skip to main content

Search for: All records

Creators/Authors contains: "de Beurs, Zoe L."

Note: When clicking on a Digital Object Identifier (DOI) number, you will be taken to an external site maintained by the publisher. Some full text articles may not yet be available without a charge during the embargo (administrative interval).
What is a DOI Number?

Some links on this page may take you to non-federal websites. Their policies may differ from this site.

  1. Abstract

    X-ray binaries (XRBs) consist of a compact object that accretes material from an orbiting secondary star. The most secure method we have for determining if the compact object is a black hole is to determine its mass: This is limited to bright objects and requires substantial time-intensive spectroscopic monitoring. With new X-ray sources being discovered with different X-ray observatories, developing efficient, robust means to classify compact objects becomes increasingly important. We compare three machine-learning classification methods (Bayesian Gaussian Processes (BGPs), K-Nearest Neighbors (KNN), Support Vector Machines) for determining whether the compact objects are neutron stars or black holes (BHs) in XRB systems. Each machine-learning method uses spatial patterns that exist between systems of the same type in 3D color–color–intensity diagrams. We used lightcurves extracted using 6 yr of data with MAXI/GSC for 44 representative sources. We find that all three methods are highly accurate in distinguishing pulsing from nonpulsing neutron stars (NPNS) with 95% of NPNS and 100% of pulsars accurately predicted. All three methods have high accuracy in distinguishing BHs from pulsars (92%) but continue to confuse BHs with a subclass of NPNS, called bursters, with KNN doing the best at only 50% accuracy for predicting BHs. Themore »precision of all three methods is high, providing equivalent results over 5–10 independent runs. In future work, we will suggest a fourth dimension be incorporated to mitigate the confusion of BHs with bursters. This work paves the way toward more robust methods to efficiently distinguish BHs, NPNS, and pulsars.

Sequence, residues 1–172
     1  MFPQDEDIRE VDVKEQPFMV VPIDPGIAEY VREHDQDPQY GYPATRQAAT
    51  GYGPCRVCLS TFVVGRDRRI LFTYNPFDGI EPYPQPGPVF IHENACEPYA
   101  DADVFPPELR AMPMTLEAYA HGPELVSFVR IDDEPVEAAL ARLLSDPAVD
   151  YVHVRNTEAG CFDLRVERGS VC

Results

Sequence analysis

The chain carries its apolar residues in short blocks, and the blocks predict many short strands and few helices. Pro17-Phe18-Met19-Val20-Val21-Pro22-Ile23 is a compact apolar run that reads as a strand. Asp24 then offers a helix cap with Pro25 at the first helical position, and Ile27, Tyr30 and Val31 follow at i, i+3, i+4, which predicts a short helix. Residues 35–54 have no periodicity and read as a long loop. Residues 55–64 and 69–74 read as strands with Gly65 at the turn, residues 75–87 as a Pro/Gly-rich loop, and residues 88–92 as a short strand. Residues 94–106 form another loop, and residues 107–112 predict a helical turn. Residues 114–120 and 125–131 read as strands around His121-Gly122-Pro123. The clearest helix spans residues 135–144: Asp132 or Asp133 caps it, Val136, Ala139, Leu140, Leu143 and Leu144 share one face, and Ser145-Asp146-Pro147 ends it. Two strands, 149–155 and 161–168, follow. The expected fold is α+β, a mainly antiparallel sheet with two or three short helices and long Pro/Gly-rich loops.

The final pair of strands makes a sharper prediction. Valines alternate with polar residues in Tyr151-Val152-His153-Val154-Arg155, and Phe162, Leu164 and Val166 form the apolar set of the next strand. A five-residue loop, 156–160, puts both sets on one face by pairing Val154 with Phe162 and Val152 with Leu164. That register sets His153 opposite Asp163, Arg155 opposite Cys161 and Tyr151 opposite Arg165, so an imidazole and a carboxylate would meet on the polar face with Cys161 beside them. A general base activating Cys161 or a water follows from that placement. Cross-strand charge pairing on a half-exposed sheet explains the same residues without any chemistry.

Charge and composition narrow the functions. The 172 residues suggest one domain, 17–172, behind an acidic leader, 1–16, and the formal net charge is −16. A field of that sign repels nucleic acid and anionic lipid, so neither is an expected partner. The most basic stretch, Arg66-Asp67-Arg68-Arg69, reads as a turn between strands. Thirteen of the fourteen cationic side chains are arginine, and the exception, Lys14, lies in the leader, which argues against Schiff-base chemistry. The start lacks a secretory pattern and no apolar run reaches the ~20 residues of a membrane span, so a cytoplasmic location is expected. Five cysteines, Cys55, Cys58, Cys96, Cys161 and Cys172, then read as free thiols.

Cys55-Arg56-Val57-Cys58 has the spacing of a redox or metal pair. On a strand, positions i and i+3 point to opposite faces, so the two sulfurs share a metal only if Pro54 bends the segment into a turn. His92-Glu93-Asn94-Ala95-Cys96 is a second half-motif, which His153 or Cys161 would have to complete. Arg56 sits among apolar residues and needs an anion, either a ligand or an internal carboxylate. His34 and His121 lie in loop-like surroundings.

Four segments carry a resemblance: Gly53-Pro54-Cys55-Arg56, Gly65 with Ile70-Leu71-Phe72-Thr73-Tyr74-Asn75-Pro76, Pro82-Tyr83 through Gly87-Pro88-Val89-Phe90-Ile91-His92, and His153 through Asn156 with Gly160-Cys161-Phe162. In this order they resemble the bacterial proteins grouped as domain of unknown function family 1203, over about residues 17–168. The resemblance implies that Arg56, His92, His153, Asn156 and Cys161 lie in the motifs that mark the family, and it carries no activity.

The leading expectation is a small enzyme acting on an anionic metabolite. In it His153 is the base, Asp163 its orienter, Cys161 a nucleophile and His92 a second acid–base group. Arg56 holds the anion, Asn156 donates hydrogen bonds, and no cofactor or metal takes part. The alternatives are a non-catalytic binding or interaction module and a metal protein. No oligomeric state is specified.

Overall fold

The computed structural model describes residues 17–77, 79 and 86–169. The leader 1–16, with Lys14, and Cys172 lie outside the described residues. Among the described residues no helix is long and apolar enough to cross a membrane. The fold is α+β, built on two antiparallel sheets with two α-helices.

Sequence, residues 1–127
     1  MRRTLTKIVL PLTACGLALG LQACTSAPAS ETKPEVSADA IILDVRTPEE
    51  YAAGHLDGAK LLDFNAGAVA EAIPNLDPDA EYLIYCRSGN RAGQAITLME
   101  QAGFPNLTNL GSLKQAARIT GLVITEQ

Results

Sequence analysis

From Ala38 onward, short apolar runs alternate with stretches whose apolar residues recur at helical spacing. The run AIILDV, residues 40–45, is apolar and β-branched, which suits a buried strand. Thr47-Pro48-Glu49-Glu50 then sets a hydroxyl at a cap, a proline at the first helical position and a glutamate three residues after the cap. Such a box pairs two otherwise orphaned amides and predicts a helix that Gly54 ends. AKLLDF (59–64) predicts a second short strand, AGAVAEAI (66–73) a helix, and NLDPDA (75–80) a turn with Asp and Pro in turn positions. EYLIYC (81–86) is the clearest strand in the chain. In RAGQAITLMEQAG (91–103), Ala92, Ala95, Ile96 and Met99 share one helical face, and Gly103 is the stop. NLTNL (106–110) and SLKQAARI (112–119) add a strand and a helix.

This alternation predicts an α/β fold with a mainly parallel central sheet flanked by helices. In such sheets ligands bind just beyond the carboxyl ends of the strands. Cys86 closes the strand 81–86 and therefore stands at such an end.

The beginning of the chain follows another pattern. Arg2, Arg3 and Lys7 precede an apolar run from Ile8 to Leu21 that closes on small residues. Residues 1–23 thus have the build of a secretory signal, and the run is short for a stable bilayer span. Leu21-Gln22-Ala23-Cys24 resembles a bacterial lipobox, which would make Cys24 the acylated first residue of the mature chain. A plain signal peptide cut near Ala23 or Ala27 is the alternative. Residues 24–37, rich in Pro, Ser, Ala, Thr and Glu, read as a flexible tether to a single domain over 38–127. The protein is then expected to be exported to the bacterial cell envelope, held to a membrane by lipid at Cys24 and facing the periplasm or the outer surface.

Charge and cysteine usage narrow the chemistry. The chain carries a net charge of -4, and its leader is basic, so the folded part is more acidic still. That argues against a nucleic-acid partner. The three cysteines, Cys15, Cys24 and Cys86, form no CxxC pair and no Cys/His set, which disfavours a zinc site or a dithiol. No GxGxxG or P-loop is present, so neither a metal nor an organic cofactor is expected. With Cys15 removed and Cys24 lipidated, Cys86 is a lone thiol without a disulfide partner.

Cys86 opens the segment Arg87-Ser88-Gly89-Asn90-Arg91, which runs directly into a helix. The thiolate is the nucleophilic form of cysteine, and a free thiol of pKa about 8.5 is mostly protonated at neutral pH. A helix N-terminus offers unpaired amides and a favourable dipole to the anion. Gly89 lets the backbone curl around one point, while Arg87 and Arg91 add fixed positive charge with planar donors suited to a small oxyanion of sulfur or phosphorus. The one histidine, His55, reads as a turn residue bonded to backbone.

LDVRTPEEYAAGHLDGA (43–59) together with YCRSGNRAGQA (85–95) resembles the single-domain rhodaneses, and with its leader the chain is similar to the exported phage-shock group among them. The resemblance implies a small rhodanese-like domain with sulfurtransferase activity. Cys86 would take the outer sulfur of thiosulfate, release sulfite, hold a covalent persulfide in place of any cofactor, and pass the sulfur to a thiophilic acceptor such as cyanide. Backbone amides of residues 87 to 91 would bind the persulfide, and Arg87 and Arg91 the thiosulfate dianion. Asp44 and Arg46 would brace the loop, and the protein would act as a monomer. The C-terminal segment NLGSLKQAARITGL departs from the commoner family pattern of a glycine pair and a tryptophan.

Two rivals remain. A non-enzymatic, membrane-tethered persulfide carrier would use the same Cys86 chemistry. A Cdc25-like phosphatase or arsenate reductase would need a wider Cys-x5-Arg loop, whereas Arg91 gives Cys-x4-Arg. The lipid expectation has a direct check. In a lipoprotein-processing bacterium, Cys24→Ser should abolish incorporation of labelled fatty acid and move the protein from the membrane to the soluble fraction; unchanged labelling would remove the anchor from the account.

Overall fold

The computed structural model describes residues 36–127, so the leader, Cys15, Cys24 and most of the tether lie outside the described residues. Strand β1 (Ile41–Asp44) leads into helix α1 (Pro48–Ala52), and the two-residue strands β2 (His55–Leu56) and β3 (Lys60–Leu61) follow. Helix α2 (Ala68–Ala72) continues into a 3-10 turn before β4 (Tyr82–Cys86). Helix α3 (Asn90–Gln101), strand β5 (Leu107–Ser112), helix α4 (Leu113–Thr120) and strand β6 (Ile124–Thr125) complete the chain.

« less
  2. Abstract

    Measured spectral shifts due to intrinsic stellar variability (e.g., pulsations, granulation) and activity (e.g., spots, plages) are the largest source of error for extreme-precision radial-velocity (EPRV) exoplanet detection. Several methods are designed to disentangle stellar signals from true center-of-mass shifts due to planets. The Extreme-precision Spectrograph (EXPRES) Stellar Signals Project (ESSP) presents a self-consistent comparison of 22 different methods tested on the same extreme-precision spectroscopic data from EXPRES. Methods derived new activity indicators, constructed models for mapping an indicator to the needed radial-velocity (RV) correction, or separated out shape- and shift-driven RV components. Since no ground truth is known when using real data, relative method performance is assessed using the total and nightly scatter of returned RVs and agreement between the results of different methods. Nearly all submitted methods return a lower RV rms than classic linear decorrelation, but no method is yet consistently reducing the RV rms to sub-meter-per-second levels. There is a concerning lack of agreement between the RVs returned by different methods. These results suggest that continued progress in this field necessitates increased interpretability of methods, high-cadence data to capture stellar signals at all timescales, and continued tests like the ESSP using consistent data sets withmore »more advanced metrics for method performance. Future comparisons should make use of various well-characterized data sets—such as solar data or data with known injected planetary and/or stellar signals—to better understand method performance and whether planetary signals are preserved.

    « less